Varga, L., Süle, J., & Nagy, P. (2014). Short communication: survival of the characteristic microbiota in probiotic fermented camel, cow, goat, and sheep milks during refrigerated storage. Journal of Dairy Science, 97(4), 2039-44. https://doi.org/10.3168/jds.2013-7339
Varga L, Süle J, Nagy P. Short Communication: Survival of the Characteristic Microbiota in Probiotic Fermented Camel, Cow, Goat, and Sheep Milks During Refrigerated Storage. J Dairy Sci. 2014;97(4):2039-44. PubMed PMID: 24485676.
* Article titles in AMA citation format should be in sentence-case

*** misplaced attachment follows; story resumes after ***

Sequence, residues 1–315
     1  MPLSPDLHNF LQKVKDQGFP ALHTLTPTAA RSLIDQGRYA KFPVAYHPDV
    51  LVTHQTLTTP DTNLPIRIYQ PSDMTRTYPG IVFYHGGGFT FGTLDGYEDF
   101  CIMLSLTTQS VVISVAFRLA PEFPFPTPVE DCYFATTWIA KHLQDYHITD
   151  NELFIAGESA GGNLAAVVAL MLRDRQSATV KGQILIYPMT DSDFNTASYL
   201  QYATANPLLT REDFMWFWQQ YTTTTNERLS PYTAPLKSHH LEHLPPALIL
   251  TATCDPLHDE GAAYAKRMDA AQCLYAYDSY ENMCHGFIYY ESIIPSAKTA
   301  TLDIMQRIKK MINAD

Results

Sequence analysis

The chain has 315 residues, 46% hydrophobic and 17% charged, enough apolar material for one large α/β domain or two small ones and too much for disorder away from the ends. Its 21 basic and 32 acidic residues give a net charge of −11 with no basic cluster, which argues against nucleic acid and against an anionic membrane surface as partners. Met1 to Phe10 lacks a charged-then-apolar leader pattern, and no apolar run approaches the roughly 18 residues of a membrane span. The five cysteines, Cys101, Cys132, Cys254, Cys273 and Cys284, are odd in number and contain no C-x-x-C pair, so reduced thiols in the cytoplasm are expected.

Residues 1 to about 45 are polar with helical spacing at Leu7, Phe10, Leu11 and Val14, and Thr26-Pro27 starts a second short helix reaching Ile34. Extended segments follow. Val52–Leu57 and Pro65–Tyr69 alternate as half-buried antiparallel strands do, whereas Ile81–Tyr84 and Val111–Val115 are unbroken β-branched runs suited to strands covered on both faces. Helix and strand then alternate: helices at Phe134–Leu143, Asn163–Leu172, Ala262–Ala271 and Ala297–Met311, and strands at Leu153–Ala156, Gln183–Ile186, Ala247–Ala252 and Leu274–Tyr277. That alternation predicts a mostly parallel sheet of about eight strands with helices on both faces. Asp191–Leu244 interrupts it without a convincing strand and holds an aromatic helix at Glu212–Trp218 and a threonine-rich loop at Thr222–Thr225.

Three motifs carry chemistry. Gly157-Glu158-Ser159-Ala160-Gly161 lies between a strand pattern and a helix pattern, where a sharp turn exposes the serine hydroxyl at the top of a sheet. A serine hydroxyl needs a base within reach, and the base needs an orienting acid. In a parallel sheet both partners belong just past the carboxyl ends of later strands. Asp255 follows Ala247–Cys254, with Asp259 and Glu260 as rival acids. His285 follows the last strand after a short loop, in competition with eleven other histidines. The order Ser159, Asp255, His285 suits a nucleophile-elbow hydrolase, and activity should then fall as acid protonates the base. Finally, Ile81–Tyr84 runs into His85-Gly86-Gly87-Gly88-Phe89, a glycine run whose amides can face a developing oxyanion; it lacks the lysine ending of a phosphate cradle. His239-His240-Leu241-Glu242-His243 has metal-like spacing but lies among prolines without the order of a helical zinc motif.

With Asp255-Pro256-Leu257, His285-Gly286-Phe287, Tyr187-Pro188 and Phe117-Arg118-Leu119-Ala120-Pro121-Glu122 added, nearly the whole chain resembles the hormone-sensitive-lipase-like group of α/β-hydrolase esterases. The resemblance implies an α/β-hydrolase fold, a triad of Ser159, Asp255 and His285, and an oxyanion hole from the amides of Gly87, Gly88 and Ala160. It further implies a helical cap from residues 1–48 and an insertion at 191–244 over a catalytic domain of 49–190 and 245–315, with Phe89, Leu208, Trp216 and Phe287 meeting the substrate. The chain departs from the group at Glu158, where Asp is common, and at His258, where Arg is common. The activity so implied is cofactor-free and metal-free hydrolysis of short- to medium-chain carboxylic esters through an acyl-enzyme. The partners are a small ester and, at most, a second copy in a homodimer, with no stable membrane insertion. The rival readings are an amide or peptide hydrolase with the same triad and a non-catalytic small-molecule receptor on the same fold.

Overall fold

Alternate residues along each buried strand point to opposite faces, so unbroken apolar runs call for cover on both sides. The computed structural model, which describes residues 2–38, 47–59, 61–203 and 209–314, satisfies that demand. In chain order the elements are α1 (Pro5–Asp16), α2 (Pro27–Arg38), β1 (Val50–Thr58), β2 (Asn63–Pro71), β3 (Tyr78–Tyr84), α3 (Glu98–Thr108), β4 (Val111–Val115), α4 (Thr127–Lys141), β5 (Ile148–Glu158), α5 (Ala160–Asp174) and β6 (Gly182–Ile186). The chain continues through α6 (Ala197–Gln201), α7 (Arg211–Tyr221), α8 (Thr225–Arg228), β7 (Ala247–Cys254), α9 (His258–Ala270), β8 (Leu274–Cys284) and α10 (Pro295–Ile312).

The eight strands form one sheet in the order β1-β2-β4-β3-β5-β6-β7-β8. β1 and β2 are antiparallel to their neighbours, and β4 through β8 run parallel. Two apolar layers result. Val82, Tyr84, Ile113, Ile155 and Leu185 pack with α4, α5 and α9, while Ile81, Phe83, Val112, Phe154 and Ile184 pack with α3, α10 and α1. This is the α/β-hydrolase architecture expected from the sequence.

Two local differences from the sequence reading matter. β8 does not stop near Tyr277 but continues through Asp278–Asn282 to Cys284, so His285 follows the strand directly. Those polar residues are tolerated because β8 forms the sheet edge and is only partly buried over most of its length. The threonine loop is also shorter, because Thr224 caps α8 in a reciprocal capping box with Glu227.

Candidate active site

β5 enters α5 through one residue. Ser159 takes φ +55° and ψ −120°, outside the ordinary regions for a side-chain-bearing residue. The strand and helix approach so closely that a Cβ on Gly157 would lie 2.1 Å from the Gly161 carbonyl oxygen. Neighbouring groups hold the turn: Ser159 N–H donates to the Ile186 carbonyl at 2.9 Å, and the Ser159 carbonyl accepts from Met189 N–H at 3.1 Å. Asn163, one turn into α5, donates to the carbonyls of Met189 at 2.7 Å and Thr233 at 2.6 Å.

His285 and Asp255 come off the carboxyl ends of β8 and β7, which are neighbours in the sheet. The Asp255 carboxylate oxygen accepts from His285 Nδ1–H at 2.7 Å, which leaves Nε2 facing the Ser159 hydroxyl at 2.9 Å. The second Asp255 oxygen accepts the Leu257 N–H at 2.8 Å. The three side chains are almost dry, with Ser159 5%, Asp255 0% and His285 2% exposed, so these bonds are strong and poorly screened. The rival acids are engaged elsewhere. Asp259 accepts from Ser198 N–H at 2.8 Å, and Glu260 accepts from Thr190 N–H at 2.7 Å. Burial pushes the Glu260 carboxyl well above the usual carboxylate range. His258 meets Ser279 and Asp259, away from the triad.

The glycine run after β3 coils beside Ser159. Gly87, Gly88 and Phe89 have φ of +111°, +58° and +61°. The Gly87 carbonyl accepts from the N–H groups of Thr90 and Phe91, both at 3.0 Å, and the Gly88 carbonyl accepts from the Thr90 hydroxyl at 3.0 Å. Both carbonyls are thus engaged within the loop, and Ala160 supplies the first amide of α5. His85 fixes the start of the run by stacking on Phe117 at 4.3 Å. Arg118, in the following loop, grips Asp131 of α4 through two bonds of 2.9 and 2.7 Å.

TY - JOUR T1 - Short communication: survival of the characteristic microbiota in probiotic fermented camel, cow, goat, and sheep milks during refrigerated storage. AU - Varga,L, AU - Süle,J, AU - Nagy,P, Y1 - 2014/01/31/ PY - 2013/08/05/received PY - 2013/12/26/accepted PY - 2014/2/4/entrez PY - 2014/2/4/pubmed PY - 2015/11/3/medline KW - Bifidobacterium KW - Lactobacillus KW - camel KW - fermented milk SP - 2039 EP - 44 JF - Journal of dairy science JO - J Dairy Sci VL - 97 IS - 4 N2 - The objective of this study was to monitor the viability during storage of Lactobacillus acidophilus LA-5 (A), Bifidobacterium animalis ssp. lactis BB-12 (B), and Streptococcus thermophilus CHCC 742/2130 (T) in probiotic cultured dairy foods made from pasteurized camel, cow, goat, and sheep milks fermented by an ABT-type culture. The products manufactured were stored at 4°C for 42d. Microbiological analyses were performed at weekly intervals. Streptococcus thermophilus CHCC 742/2130 was the most numerous culture component in all 4 products both at the beginning and at the end of storage. The viable counts of streptococci showed no significant decline in fermented camel milk throughout the entire storage period. The initial numbers of Lb. acidophilus LA-5 were over 2 orders of magnitude lower than those of Strep. thermophilus CHCC 742/2130. With the progress of time, a slow and constant decrease was observed in lactobacilli counts; however, the final viability percentages of this organism did not differ significantly in the probiotic fermented milks tested. The cultured dairy foods made from cow, sheep, and goat milks had comparable B. animalis ssp. lactis BB-12 counts on d 0, exceeding by approximately 0.5 log10 cycle those in the camel milk-based product. No significant losses occurred in viability of bifidobacteria in fermented camel, cow, and sheep milks during 6wk of refrigerated storage. In conclusion, all 4 varieties of milk proved to be suitable raw materials for the manufacture of ABT-type fermented dairy products that were microbiologically safe and beneficial for human consumption. It was suggested that milk from small ruminants be increasingly used to produce probiotic fermented dairy foods. The development of camel milk-based probiotic cultured milks appears to be even more promising because new markets could thus be conquered. It must be emphasized, however, that further microbiological and sensory studies, technology development activities, and market research are needed before such food products can be successfully commercialized. SN - 1525-3198 UR - https://www.unboundmedicine.com/medline/citation/24485676/Short_communication:_survival_of_the_characteristic_microbiota_in_probiotic_fermented_camel_cow_goat_and_sheep_milks_during_refrigerated_storage_ L2 - https://linkinghub.elsevier.com/retrieve/pii/S0022-0302(14)00076-9 DB - PRIME DP - Unbound Medicine ER -